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Duration: 5:06

Level: Intermediate

Contributed By: WisdomTree

The Main Goals: Understand what an Exchange-Traded Fund is; Comprehend how they are different from Mutual Fund; Find out about trading cost transparency, tax efficiency, and expense ratios; and learn what an index is.

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Study Notes:

This first lesson covers:

  • Characteristics of an Exchange-Traded Fund (ETF)
  • How ETFs differ from mutual funds
  • Types of ETFs
  • Defining an index

What is an Exchange Traded Fund (ETF)?

An ETF is a 1940 Act exchange-traded investment wrapper that tracks a basket of securities very similar to a mutual fund, but it is traded on an exchange. While most ETFs are designed to replicate and track an index, some are not tracking an index and are actively managed. ETF investors do not interact directly with the ETF exchange company. They trade ETF shares on an exchange.

How does an ETF differ from a mutual fund?

Buying and selling ETFs
  • ETFs are traded on an exchange intraday
  • Mutual funds are traded through the mutual fund company
  • Mutual funds are traded once a day at Net Asset Value (NAV)
  • ETF holdings are published on a daily basis, and they are transparent at all times
  • Mutual fund holdings are published on a quarterly basis, generally on a 30-day lag
Minimum investments
  • The minimum investment for an ETF is one share
  • The price of the ETF = the minimum investment
  • Mutual funds tend to have higher minimums depending on the share class
Transparency of trading costs
  • ETF trading costs are borne by each individual investor
  • The cost is transparent through the bid-ask spread that you see on exchange
  • Costs of trading for a mutual fund are borne by all investors as the trading costs are wrapped into the NAV each day
Tax efficiency
  • ETFs are more tax efficient because of the technology of the creation redemption mechanism
  • Mutual funds are less tax efficient because trading is done inside the fund by a portfolio manager
Expense ratios
  • ETFs generally tend to be less expensive vehicles
  • Mutual funds typically have higher expense ratios and vary depending on share class liquidity
  • ETFs have daily liquidity and they have intraday liquidity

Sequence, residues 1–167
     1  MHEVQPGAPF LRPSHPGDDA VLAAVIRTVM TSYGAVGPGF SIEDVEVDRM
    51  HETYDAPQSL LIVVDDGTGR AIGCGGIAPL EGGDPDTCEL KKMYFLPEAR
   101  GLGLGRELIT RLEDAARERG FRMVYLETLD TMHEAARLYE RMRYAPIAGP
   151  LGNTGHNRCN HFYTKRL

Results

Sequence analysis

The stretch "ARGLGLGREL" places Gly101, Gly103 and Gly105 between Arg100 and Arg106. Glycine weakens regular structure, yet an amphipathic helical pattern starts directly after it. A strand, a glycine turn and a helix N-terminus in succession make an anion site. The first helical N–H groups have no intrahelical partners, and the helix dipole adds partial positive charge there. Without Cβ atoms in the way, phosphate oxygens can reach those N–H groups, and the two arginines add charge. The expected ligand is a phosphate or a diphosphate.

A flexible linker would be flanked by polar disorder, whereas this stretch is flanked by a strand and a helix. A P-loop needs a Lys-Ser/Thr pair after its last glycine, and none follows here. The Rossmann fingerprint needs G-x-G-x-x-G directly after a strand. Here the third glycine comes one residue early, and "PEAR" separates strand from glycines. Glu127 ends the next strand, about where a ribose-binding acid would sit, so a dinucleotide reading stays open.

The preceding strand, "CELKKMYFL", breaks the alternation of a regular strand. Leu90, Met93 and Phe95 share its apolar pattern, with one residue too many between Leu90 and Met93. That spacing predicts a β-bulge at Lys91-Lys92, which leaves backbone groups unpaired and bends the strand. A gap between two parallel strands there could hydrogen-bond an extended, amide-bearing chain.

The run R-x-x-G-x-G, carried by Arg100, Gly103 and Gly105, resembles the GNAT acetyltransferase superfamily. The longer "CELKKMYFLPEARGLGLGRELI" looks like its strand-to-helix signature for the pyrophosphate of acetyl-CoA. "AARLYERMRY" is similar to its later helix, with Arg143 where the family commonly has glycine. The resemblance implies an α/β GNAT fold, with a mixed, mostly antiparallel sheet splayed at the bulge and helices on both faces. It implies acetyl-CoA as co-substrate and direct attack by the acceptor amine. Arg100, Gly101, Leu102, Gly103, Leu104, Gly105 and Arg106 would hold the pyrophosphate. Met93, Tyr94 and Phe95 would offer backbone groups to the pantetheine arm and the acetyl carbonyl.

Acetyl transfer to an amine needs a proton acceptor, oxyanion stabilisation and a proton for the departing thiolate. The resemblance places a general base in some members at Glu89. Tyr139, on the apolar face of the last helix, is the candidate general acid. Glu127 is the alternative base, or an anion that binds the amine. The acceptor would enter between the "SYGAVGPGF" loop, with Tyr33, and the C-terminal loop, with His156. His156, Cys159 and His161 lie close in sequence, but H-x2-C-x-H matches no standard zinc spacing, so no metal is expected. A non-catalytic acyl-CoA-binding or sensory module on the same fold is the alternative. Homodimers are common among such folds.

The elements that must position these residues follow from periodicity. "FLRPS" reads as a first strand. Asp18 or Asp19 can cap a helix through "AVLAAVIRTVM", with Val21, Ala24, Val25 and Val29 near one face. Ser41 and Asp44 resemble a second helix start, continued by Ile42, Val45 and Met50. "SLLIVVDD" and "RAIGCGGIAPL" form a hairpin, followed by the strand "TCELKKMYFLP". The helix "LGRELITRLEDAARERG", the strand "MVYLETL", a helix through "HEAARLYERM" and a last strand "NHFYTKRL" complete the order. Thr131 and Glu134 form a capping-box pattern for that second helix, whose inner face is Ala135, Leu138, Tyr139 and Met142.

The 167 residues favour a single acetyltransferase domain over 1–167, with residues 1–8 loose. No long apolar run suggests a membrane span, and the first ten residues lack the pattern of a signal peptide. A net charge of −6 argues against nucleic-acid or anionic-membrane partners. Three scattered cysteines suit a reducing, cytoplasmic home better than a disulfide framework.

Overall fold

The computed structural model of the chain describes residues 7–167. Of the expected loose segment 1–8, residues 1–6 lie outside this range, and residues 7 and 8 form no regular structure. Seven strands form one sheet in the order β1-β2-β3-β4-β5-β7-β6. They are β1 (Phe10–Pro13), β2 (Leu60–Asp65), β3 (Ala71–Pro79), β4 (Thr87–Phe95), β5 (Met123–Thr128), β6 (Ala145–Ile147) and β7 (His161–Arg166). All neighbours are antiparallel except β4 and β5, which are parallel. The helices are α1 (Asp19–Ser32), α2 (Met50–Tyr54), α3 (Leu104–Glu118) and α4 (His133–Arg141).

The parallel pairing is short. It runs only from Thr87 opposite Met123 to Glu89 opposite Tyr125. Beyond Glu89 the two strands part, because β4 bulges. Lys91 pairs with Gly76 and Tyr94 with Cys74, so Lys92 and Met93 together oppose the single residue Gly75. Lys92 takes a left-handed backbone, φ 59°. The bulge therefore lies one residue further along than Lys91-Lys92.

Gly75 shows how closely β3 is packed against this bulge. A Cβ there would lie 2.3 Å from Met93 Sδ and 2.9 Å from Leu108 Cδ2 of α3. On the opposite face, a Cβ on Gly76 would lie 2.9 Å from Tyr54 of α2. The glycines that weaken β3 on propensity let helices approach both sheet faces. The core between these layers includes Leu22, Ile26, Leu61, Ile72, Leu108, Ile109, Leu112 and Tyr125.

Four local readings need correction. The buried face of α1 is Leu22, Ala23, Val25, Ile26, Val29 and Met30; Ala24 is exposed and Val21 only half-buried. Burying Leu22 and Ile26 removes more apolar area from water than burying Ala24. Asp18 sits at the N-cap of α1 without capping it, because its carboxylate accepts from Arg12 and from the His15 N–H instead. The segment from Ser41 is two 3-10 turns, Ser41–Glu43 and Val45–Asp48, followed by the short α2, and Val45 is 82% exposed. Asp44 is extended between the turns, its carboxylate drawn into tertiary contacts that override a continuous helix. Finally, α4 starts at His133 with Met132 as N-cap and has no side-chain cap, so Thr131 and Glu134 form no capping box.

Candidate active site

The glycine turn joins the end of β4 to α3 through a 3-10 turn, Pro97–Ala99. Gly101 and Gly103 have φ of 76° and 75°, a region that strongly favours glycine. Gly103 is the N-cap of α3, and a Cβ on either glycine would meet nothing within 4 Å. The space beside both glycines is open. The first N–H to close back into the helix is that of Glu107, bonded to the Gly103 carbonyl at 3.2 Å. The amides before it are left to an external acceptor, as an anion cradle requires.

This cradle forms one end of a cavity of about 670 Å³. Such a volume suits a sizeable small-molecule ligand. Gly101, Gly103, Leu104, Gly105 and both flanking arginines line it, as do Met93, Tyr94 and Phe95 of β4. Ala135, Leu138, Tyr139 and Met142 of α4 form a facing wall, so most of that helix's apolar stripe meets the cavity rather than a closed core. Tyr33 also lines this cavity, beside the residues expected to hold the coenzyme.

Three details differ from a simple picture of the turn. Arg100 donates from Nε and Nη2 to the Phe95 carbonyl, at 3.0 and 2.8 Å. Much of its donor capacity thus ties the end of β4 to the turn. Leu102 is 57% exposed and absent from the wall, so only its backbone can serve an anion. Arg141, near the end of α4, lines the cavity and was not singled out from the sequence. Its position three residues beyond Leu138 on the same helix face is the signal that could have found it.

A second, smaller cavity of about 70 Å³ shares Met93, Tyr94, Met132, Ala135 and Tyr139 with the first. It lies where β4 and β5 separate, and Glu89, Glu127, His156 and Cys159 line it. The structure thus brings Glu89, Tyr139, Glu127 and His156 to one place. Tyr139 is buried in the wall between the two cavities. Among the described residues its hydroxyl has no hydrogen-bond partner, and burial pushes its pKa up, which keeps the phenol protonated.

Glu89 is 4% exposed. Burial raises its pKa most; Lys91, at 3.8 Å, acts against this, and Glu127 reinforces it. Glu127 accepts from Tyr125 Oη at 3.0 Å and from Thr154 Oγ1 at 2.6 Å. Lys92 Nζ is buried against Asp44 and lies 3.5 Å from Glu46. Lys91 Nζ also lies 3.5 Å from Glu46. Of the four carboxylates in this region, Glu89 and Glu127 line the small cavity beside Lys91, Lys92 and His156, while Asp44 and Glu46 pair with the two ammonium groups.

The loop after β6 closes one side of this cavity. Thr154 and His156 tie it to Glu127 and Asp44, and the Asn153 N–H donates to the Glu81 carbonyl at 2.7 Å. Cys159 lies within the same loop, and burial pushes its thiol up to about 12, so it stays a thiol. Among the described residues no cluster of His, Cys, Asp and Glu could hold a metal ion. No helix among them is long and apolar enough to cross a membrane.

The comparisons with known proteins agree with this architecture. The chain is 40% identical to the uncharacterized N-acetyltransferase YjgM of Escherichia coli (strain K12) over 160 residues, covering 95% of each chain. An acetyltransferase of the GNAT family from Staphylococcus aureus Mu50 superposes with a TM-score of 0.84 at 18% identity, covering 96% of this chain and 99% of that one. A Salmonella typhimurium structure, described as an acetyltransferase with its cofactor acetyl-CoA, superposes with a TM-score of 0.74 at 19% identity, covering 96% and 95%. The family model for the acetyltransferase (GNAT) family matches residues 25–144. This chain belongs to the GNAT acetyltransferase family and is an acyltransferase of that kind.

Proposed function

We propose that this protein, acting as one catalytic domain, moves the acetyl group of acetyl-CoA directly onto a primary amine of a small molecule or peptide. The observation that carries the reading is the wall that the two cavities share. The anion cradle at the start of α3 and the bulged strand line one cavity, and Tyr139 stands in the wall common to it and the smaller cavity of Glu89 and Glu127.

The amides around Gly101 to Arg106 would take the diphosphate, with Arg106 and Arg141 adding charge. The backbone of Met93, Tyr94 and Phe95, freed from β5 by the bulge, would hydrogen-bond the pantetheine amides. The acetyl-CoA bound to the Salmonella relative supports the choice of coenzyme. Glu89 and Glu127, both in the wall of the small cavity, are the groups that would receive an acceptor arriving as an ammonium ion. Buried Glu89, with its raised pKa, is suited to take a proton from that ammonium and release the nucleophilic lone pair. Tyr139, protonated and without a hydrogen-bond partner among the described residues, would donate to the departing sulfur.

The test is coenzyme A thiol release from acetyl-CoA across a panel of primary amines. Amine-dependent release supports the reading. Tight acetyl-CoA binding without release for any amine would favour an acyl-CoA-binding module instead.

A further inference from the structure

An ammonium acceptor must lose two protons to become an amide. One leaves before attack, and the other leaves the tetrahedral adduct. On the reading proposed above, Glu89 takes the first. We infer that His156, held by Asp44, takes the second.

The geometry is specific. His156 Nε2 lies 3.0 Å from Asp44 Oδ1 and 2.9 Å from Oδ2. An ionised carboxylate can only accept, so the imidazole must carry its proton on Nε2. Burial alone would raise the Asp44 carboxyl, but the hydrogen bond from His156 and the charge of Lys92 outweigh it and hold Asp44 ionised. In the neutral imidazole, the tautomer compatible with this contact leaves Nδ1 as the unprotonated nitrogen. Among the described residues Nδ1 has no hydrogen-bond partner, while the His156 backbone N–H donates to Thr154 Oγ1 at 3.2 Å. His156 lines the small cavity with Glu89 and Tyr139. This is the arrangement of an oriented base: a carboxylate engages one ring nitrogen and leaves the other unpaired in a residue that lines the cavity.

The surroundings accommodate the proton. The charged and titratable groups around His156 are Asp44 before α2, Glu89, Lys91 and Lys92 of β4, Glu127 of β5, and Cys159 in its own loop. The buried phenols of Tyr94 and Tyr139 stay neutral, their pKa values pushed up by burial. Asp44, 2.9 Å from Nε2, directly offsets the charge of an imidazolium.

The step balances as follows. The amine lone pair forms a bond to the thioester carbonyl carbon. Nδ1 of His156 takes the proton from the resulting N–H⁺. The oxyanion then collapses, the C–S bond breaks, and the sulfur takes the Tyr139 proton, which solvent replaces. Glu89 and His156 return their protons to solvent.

• As long as the exchange is open, you can trade in and out of the fund
  • With mutual funds you can get in and out one time a day at NAV

What is an index?

An index is a hypothetical portfolio of investment holdings representing a segment of the financial markets. They are typically a benchmark index such as the:

S&P 500


MSCI World


Russell 2000 Small-Cap

You cannot invest directly into an index. You must use some other sort of vehicle that tracks that index, and that is initially how ETFs were designed. Today, most ETFs still track an index.

The difference between the ETF and the index in a perfect world is called “tracking error,” and the tracking error difference between the return of the index and the ETF will be that fund’s expense ratio.

Disclosure: Wisdom Tree

WisdomTree is not affiliated with Interactive Brokers LLC

Disclosure: Interactive Brokers

Information posted on IBKR Traders’ Academy that is provided by third-parties and not by Interactive Brokers does NOT constitute a recommendation by Interactive Brokers that you should contract for the services of that third party. Third-party participants who contribute to IBKR Traders’ Academy are independent of Interactive Brokers and Interactive Brokers does not make any representations or warranties concerning the services offered, their past or future performance, or the accuracy of the information provided by the third party. Past performance is no guarantee of future results.

This material is from Wisdom Tree and is being posted with permission from Wisdom Tree. The views expressed in this material are solely those of the author and/or Wisdom Tree and IBKR is not endorsing or recommending any investment or trading discussed in the material. This material is not and should not be construed as an offer to sell or the solicitation of an offer to buy any security. To the extent that this material discusses general market activity, industry or sector trends or other broad based economic or political conditions, it should not be construed as research or investment advice. To the extent that it includes references to specific securities, commodities, currencies, or other instruments, those references do not constitute a recommendation to buy, sell or hold such security. This material does not and is not intended to take into account the particular financial conditions, investment objectives or requirements of individual customers. Before acting on this material, you should consider whether it is suitable for your particular circumstances and, as necessary, seek professional advice.

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